Fun with Languages
Fun with languages is an initiative that started in 2012 as a collaborative project between Valerie Hendley, director of International Language Center (ILC) and Dr.Thérèse Saint Paul, French professor at Murray State University. Through a generous grant from Regional Outreach of Murray State University, Valerie Hendley developed a program that has reached over 600 students throughout 10 counties and has successfully recruited local high school students to continue language learning at a collegiate level, through Murray State University Racer Academy.
The Fun with Languages method, which follows the practice of "HEAR IT, REPEAT IT, SAY IT" (HRS), places the emphasis on early oral repetition and follows three major principles:
Acquiring native-like pronunciation
Researchers have concluded that a young child learning a second language is more likely to obtain native-like pronunciation than adult language learners (Mayberry and Lock 2003; Flege, Mackay, and Piske 2002)
Learning a variety of sounds through play
The FWL/HRS method emphasizes the practice of a variety of sounds through play. Younger learners "are likely to be less language anxious than many older learners and hence may be more able to absorb language rather than block it out" (Johnstone 2002). In the FWL/HRS method, the facilitator stresses the foreign language sounds when speaking to the children. Since the ludic element eliminates language anxiety, children are asked to switch gender voices, repeat a word in a burly man's voice, or a tiny mouse's voice, or with the roar of a lion, for instance, which allows the learners to experiment with many sounds.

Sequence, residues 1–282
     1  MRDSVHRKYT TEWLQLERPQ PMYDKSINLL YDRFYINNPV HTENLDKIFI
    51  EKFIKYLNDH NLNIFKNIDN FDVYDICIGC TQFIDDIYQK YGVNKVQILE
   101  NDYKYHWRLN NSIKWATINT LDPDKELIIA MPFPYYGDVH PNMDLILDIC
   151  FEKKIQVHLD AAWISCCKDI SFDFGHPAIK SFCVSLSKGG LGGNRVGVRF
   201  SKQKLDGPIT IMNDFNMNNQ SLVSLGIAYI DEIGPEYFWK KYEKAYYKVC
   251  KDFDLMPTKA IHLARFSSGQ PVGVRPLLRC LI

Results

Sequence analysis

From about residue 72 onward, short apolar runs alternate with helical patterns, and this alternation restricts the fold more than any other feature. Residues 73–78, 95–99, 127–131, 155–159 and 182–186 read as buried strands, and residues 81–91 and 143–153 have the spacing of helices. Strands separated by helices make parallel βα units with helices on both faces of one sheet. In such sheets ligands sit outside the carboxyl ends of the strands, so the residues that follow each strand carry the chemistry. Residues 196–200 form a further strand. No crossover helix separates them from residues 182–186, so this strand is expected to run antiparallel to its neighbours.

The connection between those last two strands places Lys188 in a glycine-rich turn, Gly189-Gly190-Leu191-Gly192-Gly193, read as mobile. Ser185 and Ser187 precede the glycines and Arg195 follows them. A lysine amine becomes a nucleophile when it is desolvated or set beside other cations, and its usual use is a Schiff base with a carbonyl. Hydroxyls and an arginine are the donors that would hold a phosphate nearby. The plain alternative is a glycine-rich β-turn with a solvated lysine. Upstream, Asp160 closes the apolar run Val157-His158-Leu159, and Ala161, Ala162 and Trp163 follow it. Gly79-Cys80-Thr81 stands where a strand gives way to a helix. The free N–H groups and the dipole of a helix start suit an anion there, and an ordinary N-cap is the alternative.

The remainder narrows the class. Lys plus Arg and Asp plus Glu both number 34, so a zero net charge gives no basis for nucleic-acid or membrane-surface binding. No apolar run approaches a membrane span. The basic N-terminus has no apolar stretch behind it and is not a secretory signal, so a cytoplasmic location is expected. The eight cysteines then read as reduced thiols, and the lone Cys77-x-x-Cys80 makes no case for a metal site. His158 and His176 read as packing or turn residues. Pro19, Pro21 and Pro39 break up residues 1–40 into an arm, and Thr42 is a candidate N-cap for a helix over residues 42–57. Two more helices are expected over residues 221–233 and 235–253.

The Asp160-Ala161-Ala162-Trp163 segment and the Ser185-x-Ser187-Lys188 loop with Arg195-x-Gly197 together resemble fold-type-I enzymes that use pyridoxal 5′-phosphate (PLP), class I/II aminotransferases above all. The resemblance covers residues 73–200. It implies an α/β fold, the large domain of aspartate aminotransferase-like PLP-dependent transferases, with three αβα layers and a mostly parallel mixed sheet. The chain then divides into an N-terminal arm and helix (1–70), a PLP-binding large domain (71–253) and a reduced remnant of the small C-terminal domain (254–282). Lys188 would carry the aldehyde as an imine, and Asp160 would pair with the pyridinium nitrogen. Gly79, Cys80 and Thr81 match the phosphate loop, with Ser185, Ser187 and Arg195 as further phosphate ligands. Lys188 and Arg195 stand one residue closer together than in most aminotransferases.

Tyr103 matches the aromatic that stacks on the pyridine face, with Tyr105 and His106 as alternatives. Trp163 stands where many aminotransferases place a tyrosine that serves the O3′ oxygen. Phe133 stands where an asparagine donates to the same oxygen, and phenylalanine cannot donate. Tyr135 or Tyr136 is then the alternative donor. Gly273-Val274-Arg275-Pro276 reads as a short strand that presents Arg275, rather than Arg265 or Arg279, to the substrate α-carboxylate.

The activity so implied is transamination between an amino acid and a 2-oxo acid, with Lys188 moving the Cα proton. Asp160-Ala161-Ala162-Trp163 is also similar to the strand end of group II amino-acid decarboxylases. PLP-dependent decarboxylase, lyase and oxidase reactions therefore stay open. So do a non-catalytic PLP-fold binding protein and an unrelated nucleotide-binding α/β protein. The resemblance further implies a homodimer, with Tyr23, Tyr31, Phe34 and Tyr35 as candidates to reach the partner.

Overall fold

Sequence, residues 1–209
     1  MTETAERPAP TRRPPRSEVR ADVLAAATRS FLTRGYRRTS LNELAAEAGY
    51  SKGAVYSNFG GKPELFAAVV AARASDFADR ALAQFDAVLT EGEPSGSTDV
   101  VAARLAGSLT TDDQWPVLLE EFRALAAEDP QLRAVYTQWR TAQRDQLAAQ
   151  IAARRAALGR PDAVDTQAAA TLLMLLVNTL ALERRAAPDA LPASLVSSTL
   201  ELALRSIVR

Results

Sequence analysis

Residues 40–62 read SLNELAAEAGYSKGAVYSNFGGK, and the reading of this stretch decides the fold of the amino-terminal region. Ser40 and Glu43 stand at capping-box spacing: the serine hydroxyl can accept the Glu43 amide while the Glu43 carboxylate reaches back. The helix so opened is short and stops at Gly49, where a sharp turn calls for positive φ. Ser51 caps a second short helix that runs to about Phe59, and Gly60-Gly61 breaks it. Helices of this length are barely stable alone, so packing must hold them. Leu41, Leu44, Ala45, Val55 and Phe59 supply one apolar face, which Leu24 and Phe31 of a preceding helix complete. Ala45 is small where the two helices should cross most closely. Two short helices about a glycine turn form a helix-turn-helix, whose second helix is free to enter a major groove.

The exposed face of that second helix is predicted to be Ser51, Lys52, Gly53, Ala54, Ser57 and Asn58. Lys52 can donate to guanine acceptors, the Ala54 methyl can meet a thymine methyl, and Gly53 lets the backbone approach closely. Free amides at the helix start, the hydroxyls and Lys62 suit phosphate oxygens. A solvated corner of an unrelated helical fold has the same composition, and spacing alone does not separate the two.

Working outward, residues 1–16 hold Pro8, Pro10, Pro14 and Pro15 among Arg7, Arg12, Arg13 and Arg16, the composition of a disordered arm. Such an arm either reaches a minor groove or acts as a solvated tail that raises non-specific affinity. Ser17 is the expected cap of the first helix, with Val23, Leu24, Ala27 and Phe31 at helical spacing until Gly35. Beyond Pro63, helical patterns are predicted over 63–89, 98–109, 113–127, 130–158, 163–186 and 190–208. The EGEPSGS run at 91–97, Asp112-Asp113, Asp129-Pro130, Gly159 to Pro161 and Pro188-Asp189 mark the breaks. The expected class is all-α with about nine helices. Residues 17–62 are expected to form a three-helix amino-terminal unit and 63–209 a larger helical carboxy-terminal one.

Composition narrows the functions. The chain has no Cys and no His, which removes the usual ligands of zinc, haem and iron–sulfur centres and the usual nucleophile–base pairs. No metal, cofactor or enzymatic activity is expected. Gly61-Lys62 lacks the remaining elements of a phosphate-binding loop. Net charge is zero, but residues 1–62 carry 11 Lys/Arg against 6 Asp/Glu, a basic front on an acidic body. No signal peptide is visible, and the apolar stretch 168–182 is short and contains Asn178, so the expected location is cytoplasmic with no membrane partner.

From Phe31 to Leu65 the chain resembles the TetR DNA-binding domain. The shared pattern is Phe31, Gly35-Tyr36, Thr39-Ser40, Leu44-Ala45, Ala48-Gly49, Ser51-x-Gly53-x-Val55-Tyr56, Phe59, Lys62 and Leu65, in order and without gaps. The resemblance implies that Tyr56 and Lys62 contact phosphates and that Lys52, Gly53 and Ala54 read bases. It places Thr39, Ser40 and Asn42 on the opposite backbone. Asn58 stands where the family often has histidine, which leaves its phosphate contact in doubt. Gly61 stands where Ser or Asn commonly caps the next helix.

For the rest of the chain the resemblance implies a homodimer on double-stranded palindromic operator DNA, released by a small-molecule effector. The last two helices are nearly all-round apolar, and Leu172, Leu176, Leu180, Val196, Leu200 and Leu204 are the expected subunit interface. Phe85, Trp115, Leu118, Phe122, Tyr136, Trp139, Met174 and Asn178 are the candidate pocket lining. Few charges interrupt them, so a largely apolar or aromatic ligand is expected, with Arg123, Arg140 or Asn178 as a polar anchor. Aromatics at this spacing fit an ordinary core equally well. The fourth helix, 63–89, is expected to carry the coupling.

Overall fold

Making cognitive connections
In the FWL/HRS method, a child understands quickly that one concept, e.g. bear in English, can be expressed with different sounds such as ours in French, oso in Spanish, (xiong, rising tone) in Chinese, kuma in Japanese, Bär in German. From a semantic point of view, when a child realizes that the relationship between names for the same object in different languages is arbitrary, he or she begins seeing how languages relate to each other and abstract thinking can become easier. It is well established that early language learners are more creative and better problem solvers than students who do not study a second language (Stewart 2005; Landry 1974; Marcos 2001; Weatherford 1986).
Through its ludic, kinetic HRS method that engages all skills, Fun with Languages activates the process that enhances the development of the child as a whole. Children will not only aquire a new language, but also develop new pathways in cognitive thinking that allows for more creative and abstract thought.
During the one-hour lesson the learner manipulates vocabulary and learns to use it in a hands-on/active discovery setting. The facilitators are chosen from advanced language students or native speakers with a background in early childhood or elementary education, although this is not a requirement. Students receive materials and training in the method but are primarily selected for their personality, such as their ability to create an engaging learning environment. You will find FWL clubs in Calloway, Graves and McCracken counties.